What is Cataract?
A cataract is a clouding of the lens of the eye.
It is a cloudy or opaque area in the normally clear lens of the eye. For people who are developing cataracts, looking through the cataract is like looking out a frosty or foggy window.
Cataracts can make it more difficult to read or drive a car, especially at night.
Cataracts usually develop in people over age 55, but they can also occur in infants and young children or as a result of trauma or medications. Usually, cataracts develop in both eyes, but one may be worse than the other.
Cataracts will not go away on their own. Without proper intervention, they can worsen and may lead to total vision loss.
Clouding of the lenses
Lenses are the nearly transparent structures that sit right behind the pupils in your eyes. Their main purpose is to focus and direct light rays onto the retina at the back of the eye.
In order for us to see clearly, our lenses need to be clear. As we age, however, protein can build onto them, and turn them cloudy.
Cataracts generally form very slowly. At first, they don’t disturb eyesight. Gradually, however, the clouded areas on the lenses become larger and denser causing sight to worsen. Signs and symptoms of a cataract may include:
- blurred vision
- sensitivity to light (seeing a glare or ‘halos’ around lights)
- reduced night vision
- fading or ‘yellowing’ of colours
- Frequent changes in eyeglass prescription
When the cataracts impair your vision or interfere with your usual activities, cataract surgery is usually recommended. Fortunately, cataract surgery is generally a safe, effective procedure.
Types of cataract
There are three main types of cataract, named for their location in the lens:
1. Nuclear Cataracts
Nuclear sclerotic cataracts is the most common type of cataract. ‘Nuclear’ refers to the clouding of the central portion of the lens (nucleus) and ‘sclerotic’ means ‘hardening’ of the lens.
2. Cortical Cataracts
These cataracts start on the outside edge of the lens and form lines that then move towards the centre, like the spokes of a wheel.
3. Posterior Subcapsular Cataracts
The posterior subcapsular cataract is the clouding of the back of the lens, beneath the membrane that holds the lens in place.
Causes of cataracts
In Australia, over 700,000 people are affected by cataracts. Most cataracts are due to age-related changes in the lens of the eye, other factors can contribute to the development of cataracts, including:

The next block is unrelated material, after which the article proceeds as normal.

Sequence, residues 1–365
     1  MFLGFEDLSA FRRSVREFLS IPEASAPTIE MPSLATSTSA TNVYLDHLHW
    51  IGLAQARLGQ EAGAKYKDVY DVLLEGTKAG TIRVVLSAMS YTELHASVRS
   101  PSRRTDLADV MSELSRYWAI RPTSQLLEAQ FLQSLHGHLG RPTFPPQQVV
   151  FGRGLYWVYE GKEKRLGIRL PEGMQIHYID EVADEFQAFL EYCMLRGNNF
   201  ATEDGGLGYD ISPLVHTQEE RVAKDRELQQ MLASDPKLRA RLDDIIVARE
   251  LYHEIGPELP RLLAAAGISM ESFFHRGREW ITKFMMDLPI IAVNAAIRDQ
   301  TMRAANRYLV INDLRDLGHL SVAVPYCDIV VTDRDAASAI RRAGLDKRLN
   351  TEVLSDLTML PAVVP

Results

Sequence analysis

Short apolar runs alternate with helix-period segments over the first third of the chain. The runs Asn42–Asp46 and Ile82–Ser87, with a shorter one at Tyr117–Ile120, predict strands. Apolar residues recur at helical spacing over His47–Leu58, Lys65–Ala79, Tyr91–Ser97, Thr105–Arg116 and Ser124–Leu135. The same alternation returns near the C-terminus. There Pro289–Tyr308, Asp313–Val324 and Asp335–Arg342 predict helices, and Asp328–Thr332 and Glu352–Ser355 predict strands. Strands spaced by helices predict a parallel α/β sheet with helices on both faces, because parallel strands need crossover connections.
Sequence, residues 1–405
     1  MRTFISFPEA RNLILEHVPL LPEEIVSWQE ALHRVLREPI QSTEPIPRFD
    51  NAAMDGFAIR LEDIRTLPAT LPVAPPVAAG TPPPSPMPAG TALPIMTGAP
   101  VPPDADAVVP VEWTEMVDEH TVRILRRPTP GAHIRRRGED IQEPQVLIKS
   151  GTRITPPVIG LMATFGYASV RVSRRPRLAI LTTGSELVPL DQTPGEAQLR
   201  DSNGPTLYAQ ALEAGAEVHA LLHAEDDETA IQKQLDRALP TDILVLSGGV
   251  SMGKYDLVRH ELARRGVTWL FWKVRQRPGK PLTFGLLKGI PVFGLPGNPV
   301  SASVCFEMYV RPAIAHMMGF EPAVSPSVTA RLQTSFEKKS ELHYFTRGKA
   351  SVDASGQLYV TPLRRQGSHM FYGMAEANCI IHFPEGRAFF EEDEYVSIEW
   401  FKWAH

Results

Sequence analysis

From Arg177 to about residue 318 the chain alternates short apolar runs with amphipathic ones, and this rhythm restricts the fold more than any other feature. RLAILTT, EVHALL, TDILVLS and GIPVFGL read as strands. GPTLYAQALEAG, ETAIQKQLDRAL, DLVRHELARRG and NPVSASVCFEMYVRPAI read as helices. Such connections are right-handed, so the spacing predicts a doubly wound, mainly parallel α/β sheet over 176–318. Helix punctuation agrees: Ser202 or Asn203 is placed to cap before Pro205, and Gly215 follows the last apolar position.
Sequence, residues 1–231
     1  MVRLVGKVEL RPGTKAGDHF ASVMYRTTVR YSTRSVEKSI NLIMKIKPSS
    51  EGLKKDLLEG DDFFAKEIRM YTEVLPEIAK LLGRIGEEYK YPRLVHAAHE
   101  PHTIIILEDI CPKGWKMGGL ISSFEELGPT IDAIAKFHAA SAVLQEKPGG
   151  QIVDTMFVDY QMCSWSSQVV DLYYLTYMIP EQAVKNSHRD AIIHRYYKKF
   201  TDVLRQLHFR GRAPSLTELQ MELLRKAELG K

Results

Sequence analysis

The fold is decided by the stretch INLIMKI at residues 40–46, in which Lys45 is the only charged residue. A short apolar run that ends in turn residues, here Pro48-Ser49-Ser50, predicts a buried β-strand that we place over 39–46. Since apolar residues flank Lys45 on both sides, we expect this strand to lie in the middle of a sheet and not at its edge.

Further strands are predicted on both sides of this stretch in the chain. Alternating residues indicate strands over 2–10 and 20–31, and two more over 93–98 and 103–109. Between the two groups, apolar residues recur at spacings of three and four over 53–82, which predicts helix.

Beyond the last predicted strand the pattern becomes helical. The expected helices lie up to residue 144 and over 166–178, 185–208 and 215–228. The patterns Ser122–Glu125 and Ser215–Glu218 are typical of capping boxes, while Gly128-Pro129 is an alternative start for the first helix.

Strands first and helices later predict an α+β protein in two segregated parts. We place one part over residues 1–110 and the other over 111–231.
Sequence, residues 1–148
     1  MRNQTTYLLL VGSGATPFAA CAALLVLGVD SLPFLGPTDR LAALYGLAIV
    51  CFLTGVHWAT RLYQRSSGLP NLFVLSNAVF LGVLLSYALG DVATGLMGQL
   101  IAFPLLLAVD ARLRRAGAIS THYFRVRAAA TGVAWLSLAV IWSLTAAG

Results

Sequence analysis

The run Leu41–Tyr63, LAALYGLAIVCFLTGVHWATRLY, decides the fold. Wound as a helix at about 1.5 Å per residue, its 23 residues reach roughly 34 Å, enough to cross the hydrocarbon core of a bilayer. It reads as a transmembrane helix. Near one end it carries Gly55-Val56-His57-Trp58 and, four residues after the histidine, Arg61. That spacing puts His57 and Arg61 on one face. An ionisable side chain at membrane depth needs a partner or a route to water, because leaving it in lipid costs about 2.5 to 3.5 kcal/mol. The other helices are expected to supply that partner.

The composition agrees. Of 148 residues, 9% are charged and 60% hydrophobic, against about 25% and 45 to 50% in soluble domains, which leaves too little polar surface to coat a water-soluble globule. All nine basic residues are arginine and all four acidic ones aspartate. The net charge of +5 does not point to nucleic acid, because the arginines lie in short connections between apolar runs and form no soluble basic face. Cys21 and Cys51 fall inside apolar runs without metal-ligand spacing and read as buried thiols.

- Eye trauma
- Family history
- Excessive sun and UV ray exposure
- Heavy alcohol use
Congenital and infantile cataracts
Cataracts can present at birth or develop in early infancy. It is very rare. Researchers estimate it occurs in approximately two out of every 10,000 births.
When a baby is born with a cataract it is called a ‘congenital cataract.’ If a cataract develops in the first six months of life, it is known as an ‘infantile cataract.’ A common cause of congenital cataracts in babies is heredity. Sometimes, the cataracts in the baby can be traced to an infection of measles or rubella in the mother in the first trimester of pregnancy.
How to reduce the risk of cataracts
Things you can do to reduce your risk of cataracts:
- Stop smoking
- Reduce your alcohol use
- Wear sunglasses and a hat whenever you are outside for eye protection from the sun
- Eat a well-balanced diet
- Have a regular eye examination, particularly if you are over 60
What to expect at the optometrist
Cataracts are most commonly diagnosed by an eye doctor (optometrist). Your Eyecare Plus optometrist will be able to perform an eye exam to check for cataracts.
Your eye doctor will look at the appearance of your eye during the eye exam.
During your eye exam your eye doctor may examine your eye with a slit lamp, which will show the location and pattern of the cataract.
Based on that information, your optometrist will discuss treatment options and possibly refer you to an ophthalmologist for cataract surgery.
Cataract surgery, also called ‘lens replacement surgery,’ is one of the most frequently performed eye surgery procedures performed by an ophthalmologist, in the world. It is simple and low-risk. During the eye surgery, the patient’s cloudy lens is replaced with a clear intraocular lens (IOL). Most IOLs are made of silicone or acrylic. The entire procedure takes about thirty minutes and is performed in a day surgery or a hospital.
Once the cataract has been completely removed with surgery, it does not return.
Are cataracts inevitable?
Cataracts are a natural part of the aging process. Although they are not inevitable, most of the figures suggest that, if you live long enough, the risk of developing cataracts is high. About 30% of people in Australia over the age of 50 have age-related cataracts. For people over the age of 80, the prevalence of cataracts is about 80%. The prevalence of cataracts in Indigenous Austraians is five to six times higher than non-Indigenous Australians in those aged over 60.